Why anyone thinks that studies scaring social wine drinkers will stop alcoholics from drinking is beyond me; the issue is much more complex than that. Hopefully, the CDC and its allies will eventually figure this out, and we can come up with a reasonable and effective program to reduce alcoholism.
Until then, I’ll keep a wary eye out for those deadly desserts.
More about the CDC and drinking
• The federal government’s three-drink limit
• What the media didn’t tell you about the CDC alcohol study
• Bacon, wine, and what we eat and drink
This week’s wine news: Alcoholism in the restaurant business, plus Big Wine wants to move into weed and more Chinese booze fraud
• Staying sober: Nation’s Restaurant News looks at subject rarely discussed – what it calls “the culture of alcoholism and substance abuse in the restaurant business. “ In this part of the on-going series, Bret Thorne talks to a prominent Atlanta-area chef who had a choice at age 30 – stop drinking or die. “The whole lifestyle — you’re in a place that has alcohol. There’s always alcohol in the kitchen, behind the bar, and after the adrenaline of an awesome service, it was typically followed by chasing that buzz with alcohol, and then usually cocaine.”
• If it’s good enough for wine: Marijuana Business Daily (and no, I’m not making that up) reports that North America’s largest wine distributor will become the the exclusive product distributor for one of Canada’s largest licensed cannabis producers. Great North Distributors, a wholly owned Canadian subsidiary of U.S.-based Southern Glazer’s, will serve as exclusive representative for Aphria’s adult-use cannabis products in Canada. This is yet another foray by U.S. wine-related companies into Canada’s legal weed business, including Big Wine stalwart Constellation Brands..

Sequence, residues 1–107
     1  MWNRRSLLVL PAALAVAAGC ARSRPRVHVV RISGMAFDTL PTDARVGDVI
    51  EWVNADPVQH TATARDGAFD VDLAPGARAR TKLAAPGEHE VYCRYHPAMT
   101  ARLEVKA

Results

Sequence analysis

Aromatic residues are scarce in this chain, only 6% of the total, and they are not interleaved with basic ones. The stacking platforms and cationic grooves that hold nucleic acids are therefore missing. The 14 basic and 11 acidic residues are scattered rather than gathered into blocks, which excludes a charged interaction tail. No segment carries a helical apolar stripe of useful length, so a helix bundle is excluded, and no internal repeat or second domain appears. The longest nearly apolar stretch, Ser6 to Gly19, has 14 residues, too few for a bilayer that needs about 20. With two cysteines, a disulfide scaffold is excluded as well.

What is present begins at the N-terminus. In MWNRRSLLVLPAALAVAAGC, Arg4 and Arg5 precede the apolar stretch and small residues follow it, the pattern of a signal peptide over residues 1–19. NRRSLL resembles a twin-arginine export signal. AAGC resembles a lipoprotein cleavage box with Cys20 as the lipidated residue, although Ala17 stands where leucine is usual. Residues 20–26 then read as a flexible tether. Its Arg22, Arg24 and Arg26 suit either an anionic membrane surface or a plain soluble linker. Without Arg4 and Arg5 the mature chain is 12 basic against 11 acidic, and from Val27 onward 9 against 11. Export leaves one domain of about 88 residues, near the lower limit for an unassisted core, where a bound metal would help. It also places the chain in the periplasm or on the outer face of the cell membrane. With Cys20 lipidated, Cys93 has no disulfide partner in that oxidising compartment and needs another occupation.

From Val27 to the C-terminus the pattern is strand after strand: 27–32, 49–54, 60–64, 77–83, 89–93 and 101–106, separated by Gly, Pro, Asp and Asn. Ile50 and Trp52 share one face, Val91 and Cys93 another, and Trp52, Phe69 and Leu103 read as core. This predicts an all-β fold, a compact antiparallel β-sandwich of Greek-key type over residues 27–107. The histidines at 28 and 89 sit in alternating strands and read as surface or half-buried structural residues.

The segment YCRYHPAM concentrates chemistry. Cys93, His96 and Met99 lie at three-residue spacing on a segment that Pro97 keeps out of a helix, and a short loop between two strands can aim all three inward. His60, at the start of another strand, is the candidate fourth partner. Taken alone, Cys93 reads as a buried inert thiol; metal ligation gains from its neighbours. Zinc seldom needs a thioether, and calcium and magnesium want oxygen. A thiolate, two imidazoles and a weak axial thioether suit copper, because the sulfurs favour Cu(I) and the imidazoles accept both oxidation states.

• $15.6 million worth of fakes: Chinese police arrested 15 people suspected of producing more than 55,000 counterfeit bottles of high-end booze, says Reuters. Police in the southern province of Fujian broke up three gangs running workshops that made fake bottles of several famous brands of baijiu, a fiery Chinese spirit. The gangs bought cheap liquor for about 10 yuan (about US$1.56) a bottle and pour it into the counterfeit bottles, which they would sell for up to 400 yuan (about US$62) each. To give you an idea about what they were doing, this is not unlike filling empty bottles of pricey white Burgundy with Two-buck Chuck chardonnay.
Wonder why government doesn’t seem to work anymore? The Wine Curmudgeon, after poring through hundreds of news stories (and yes, that pun is fully intended), has discovered the answer: Our leaders are drunk, often from wine — call it the drunken politician conspiracy theory. Where’s
The latest development comes from Calgary, in the Canadian province of Alberta. The mayor told a city council meeting: ?I have received multiple complaints about council members getting blotto at community events, ? and that he has received reports of his peers being ?totally drunk ? on wine.